After my last update on May 21st, I climbed the mast on our buddy’s boat in order to pass the halyard line through his roller furling to hoist the jib. It was my first time up a mast and gave me a nice view of the surrounding area, I should add that heights do not bother me. After me and Jeff went into town for groceries, we ended up taking a rather large transport cart from the docks to carry our groceries in. It was not in the best of shape having been homemade with bicycle tires that had no air and rubber that was about to peel off the rim. We managed to make our way to the store and back which is about a half hour each way, we did get many looks our way walking around with the cart through town.
When we got back Jeff cooked us up some steaks and potatoes on the small barbeque aboard the boat and I worked for a few hours setting up the navigation equipment and making sure it was ready to go on my buddy’s boat.
We departed Blind River the next morning May 22nd at 6:45am , heading for Little Current, we had a nice South East wind of about 10 knots for a few hours and were able to sail a good run with both me and my uncle slightly competing for speed, although I am on my buddy’s boat which is a 25 foot Bayfield and me and my uncles boat being a 30 foot Alberg he has the advantage of speed, but I did manage to take a better tack line and passed him for a while until about 11:00 am in which the wind died off just after passing The Cousins. A small set of islands about 8.5 nautical miles South East of Blind River, As my uncle started his engine it quickly died and he contacted me on the VHF saying he had engine trouble so I hove too and awaited for a response but within about 30 to 45 minutes he was back up and running. We had not been able to get fuel since Thunder bay and he had ran out, Luckily he had a spare canister and was able to make it to Little Current.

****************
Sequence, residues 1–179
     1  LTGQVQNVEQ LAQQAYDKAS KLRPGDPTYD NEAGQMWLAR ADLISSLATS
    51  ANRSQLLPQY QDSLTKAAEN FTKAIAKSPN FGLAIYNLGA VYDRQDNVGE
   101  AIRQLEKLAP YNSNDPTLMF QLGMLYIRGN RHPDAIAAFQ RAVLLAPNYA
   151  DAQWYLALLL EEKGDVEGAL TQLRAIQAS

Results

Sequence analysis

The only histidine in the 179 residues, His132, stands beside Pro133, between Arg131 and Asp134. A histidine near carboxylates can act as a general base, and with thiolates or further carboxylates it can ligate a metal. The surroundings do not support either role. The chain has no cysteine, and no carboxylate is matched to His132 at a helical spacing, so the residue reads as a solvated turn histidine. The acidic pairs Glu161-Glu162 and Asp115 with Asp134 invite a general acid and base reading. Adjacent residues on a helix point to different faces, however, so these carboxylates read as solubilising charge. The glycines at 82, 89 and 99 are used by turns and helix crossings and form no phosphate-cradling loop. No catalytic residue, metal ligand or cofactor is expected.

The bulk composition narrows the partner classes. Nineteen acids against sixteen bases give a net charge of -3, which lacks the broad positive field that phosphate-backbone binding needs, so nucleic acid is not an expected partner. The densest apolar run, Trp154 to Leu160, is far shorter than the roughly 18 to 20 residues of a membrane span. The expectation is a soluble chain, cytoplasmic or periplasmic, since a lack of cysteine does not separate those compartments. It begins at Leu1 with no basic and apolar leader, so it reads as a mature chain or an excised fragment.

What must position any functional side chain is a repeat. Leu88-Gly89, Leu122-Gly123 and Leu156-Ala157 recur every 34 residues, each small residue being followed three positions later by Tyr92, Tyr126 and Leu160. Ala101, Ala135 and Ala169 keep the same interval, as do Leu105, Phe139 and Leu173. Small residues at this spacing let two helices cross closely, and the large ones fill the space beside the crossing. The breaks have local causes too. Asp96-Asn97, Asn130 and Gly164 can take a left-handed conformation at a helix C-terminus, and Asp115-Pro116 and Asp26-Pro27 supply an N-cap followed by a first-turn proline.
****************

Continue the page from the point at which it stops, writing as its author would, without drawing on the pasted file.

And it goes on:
We arrived in Little Current at 20:45 as we had a beautiful sunset, after docking we took a walk over to the tavern and had a bite to eat in which we were fortunate to get as the kitchen was already closed but they were kind enough to offer a few sailors a good meal and a cold beer.
We departed the next day May 23rd at 12:45pm and passed through the swing bridge at 13:10, it opens every hour and if departing East you must await till it opens. We sailed 12 miles East to a Boyle Cove where we anchored The Alberg and I sailed us north to just over 3 miles to Baie Fine. A place we had heard so much about, it is a fjord that extends almost 8 miles in and has very steep quartz rock walls on either side, in some places the rock face drops straight down and you can pass merely feet from the wall with the sail boat and still be in 30 plus feet of water.
We returned to Boyle cove and rafted both boats together for the night and had another meal of steak and potatoes on the barbeque, after we went to shore and had a small camp fire and enjoyed roasting some marshmallows and enjoyed some fireworks my uncle had picked up for a bit of amusement.
This morning May 24th I awoke around 7:00 am and tried a bit of fishing while I awaited the other guys to wake up. They awoke a little later at around 11:00 am and Jeff and I made a breakfast of bacon, eggs, beans and bread and peanut butter.
Jeff and I wanting to explore a bit left with the zodiac at 13:45, as my uncle and our buddy took the sail boats. We passed around the small island on the end of the peninsula and went ashore to explore, we climbed to the top of the rocks and got some very nice pictures of both sail boats passing by under sail. After wards we passed through the island and the peninsula and met up with the sail boats once again but decided to stick with playing in the zodiac due to it being a passage through a small channel and not much in the way of sailing anyway.